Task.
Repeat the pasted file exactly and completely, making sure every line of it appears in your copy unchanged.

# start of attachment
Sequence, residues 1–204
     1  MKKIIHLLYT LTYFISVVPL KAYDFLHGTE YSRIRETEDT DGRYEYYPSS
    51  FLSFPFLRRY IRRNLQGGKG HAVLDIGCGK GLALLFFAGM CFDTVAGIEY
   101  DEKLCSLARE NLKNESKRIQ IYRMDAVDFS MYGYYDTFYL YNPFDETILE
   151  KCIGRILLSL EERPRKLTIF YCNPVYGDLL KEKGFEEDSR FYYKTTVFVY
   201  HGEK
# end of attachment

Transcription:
Sequence, residues 1–204
     1  MKKIIHLLYT LTYFISVVPL KAYDFLHGTE YSRIRETEDT DGRYEYYPSS
    51  FLSFPFLRRY IRRNLQGGKG HAVLDIGCGK GLALLFFAGM CFDTVAGIEY
   101  DEKLCSLARE NLKNESKRIQ IYRMDAVDFS MYGYYDTFYL YNPFDETILE
   151  KCIGRILLSL EERPRKLTIF YCNPVYGDLL KEKGFEEDSR FYYKTTVFVY
   201  HGEK